Savvy mum warns shoppers to ALWAYS check price of supermarket loose fruit and veg as it could cut bill in half

A SUPER savvy mum has revealed her trick for slashing the cost of fruit and vegetables in supermarkets.

Using her clever hack can cut the cost of your fruit and veg by half.

Stephanie, a mum of two, advises shoppers to avoid pre-packaged fruits and vegetables as they can cost much more.

She the Extreme Couponing and Bargains UK group on Facebook, a group set up by money blogger Holly Smith.

She said: “Money saving tip… Buy three onions in a pack from Tesco – 85p. Choose three onions and place on scale – 36p.

“It’s the same with other fruit and veg too.

Packaged onions cost 85p at Tesco, twice the cost of packaged ones

“I always used to just grab the packs of fruit and veg and didn’t realise how cheap they are if you use the scales.”

The post got over 2,500 likes, with Facebook users flocking to say they would try the trick next time they shopped or that they’d used it successfully in the past.

Rebecca Wilson added: “Yep! I learnt this about a month ago! I buy a lot more  fruit and veg now and waste less too.”

User Zoe Curry said: “We do this with bananas. Two packs of five is £1.80. Ten bananas on the scale approx £1.10.”

Plenty of posters said that bananas are always cheaper individually, while other commentators mentioned that mushrooms and even apples can work too.

Plenty of users were quick to point out that as well as saving money on a shop, buying fruit and veg this way is also better for the planet.

Samantha Goodacre said: “And it saves the environment from unwanted packaging as well as a bargain, bosh!”

Onions were far cheaper if you bought them individually at Tesco

Georgia Erin agreed: “Not to mention you aren’t taking home a load of plastic that isn’t needed!”

But while it works with onions and bananas, it doesn’t necessarily work on everything.

Potatoes and carrots, for instance, were divisive.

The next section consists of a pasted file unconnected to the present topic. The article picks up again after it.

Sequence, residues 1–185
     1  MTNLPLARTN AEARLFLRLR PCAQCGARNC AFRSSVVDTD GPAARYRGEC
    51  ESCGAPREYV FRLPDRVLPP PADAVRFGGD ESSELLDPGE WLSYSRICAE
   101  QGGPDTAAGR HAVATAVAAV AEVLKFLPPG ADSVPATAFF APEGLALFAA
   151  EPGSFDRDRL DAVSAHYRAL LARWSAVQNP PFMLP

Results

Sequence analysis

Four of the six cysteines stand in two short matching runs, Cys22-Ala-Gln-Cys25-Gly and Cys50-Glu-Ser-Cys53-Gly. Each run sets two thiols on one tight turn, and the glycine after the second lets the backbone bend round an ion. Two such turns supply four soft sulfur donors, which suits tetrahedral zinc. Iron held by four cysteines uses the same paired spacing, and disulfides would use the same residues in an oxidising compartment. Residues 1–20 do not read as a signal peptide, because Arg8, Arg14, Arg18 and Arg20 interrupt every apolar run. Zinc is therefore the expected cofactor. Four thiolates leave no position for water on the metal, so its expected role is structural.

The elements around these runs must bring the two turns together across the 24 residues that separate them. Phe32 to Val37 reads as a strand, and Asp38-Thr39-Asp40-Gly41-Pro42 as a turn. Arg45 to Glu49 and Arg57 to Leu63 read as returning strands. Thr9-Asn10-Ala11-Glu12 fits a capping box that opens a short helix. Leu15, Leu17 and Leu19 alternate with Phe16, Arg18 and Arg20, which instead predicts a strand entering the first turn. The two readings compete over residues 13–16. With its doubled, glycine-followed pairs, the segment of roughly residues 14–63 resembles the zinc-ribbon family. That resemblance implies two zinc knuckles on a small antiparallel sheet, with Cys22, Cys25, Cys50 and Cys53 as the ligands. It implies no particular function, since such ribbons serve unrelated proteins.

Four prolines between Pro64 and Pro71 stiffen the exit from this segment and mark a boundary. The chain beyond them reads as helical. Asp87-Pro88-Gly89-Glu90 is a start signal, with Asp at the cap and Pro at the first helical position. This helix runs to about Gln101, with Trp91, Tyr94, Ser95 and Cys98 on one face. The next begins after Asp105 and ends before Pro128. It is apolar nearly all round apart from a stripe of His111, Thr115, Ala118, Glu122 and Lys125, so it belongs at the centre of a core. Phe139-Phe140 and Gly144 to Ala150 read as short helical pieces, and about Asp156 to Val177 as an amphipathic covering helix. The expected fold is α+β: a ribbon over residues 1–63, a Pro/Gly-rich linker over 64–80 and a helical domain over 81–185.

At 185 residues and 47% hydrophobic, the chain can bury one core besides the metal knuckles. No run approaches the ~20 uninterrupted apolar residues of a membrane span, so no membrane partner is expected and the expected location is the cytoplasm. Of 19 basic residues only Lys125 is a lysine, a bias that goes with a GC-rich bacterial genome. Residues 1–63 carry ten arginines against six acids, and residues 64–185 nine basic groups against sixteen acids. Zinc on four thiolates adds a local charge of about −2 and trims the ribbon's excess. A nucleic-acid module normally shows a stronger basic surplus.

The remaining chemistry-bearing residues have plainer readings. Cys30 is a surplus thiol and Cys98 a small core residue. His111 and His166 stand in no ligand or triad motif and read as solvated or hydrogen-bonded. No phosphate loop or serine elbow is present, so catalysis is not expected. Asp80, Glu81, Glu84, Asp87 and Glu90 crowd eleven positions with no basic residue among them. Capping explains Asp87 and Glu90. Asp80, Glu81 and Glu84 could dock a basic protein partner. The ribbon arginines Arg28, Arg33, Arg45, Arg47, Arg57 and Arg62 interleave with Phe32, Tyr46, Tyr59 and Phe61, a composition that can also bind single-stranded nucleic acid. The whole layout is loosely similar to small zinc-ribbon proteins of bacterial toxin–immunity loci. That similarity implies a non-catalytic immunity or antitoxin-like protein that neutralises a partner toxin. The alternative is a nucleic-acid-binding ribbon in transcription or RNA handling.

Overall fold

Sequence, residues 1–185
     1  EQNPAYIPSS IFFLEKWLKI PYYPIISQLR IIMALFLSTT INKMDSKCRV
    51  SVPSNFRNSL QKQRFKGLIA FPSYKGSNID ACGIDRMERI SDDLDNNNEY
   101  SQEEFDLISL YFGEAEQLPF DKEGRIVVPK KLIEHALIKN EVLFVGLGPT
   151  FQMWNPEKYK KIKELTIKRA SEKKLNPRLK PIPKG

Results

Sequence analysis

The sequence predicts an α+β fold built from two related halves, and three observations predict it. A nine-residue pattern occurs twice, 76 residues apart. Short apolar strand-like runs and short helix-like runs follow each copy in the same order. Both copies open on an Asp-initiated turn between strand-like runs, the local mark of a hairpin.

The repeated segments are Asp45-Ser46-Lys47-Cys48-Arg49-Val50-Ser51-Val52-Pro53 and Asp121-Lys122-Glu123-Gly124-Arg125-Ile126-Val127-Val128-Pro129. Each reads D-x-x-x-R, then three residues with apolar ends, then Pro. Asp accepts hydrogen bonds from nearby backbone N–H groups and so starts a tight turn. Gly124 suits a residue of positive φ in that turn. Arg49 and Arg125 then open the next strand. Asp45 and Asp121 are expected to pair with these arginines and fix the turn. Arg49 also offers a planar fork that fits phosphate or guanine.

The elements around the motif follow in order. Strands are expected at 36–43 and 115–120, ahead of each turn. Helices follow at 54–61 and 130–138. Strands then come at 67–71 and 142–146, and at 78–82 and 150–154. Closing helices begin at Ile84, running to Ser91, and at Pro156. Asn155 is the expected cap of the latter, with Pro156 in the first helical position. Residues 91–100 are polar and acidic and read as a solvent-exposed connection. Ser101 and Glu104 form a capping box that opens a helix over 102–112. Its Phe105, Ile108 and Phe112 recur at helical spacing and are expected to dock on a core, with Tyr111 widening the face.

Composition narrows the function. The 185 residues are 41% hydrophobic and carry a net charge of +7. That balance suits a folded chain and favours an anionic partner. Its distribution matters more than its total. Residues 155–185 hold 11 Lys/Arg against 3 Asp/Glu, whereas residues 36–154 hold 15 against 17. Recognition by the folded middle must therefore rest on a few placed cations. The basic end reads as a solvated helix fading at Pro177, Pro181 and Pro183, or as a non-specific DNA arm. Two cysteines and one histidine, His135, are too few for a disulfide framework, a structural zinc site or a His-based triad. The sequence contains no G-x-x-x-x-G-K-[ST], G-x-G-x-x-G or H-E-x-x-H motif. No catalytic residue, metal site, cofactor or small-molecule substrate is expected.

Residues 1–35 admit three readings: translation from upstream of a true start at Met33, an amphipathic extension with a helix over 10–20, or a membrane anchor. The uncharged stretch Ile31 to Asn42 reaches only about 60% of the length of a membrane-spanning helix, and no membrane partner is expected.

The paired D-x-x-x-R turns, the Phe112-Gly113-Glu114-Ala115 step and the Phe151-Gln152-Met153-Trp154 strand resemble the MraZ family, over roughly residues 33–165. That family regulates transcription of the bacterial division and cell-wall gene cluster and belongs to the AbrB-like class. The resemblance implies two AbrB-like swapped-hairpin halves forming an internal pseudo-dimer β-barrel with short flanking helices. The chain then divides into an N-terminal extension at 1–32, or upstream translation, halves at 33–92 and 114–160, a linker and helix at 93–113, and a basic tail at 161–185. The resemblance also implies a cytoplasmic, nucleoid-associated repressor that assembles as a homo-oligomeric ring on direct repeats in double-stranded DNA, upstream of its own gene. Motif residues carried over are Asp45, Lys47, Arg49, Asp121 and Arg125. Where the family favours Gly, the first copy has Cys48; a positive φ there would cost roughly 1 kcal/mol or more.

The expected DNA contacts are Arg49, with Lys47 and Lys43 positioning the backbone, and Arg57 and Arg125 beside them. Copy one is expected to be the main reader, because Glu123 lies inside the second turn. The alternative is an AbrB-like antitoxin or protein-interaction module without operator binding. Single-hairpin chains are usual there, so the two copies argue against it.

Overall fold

Andrew Smith said: “Doesn’t work with potatoes. Cheaper in Sainsbury’s to buy a pre-pack bag than to pick your own loose.”

But Chris Anderson found that potatoes were cheaper in Asda. He said: “A small bag of 4 potatoes Asda is 99p – 2 loose potatoes same size 10p.

“Go figure. Receipt to prove cost of 2 potatoes if needed.”

How to get a discount on your food shopping

HERE’S our top tips for cutting the cost of your weekly shop.

PREPARE Research the items you want to buy and find out the cheapest price. Websites like PriceSpy, PriceHistory and CamelCamelCamel will give you historical data on prices so you can see how much you should pay.

GET FOLLOWING Follow your favourite shops on Twitter, Facebook and Instagram and sign up to its deals newsletter to get the latest on any offers. We post the best deals in our Sun Money FB group too.

LOOK Search for discount codes on websites like and to see if you can get money off at the till.

EARN CASHBACK Check websites like Quidco and TopCashback BEFORE you place your order. Cashback websites PAY you to shop. All you have to do is click through their links and the money is added to your online account, usually within 14 days.

BE DISLOYAL Swapping supermarkets can save you 30 per cent off your grocery bills, so make sure you shop around.

DROP A LEVEL Try switching all of your branded or premium goods for lower level ones and see if you notice the difference.

If you do, switch back, but if you can’t stick with the cheaper option.

And while some users had found that carrots were cheaper loose, others found that packs were less expensive.

Some items always seem to come out more expensive individually.

For instance, loads of commentators said that it was far cheaper to buy peppers in packs.

Stacey Swayne said: “Peppers are a good example of when it’s cheaper to buy them already bagged. They’re more expensive loose for some reason.”

Kate Horwood agreed saying: “Works with most, although I’ve found peppers cheaper bagged.”

If the supermarket has scales, you can use them to test which method works out cheaper: loose or packets.

But many shops have removed the scales until you get to the checkout.

It doesn’t matter though, all you need to do is to compare the price per kilogram of packaged versus loose and you’ll soon work out which is better for value.

If you’re looking at two similar items, you should always go for the cheapest per kilogram if you want to save money.

This isn’t just true for fruit and veg either. Looking at the cost per weight can save you cash on everything from tomato ketchup to meat.

Tesco cuts Easter eggs to just 75p – but where can you get the cheapest supermarket deals?

Special code that gets you 30% off at Sainsbury’s when you spend £60 online.

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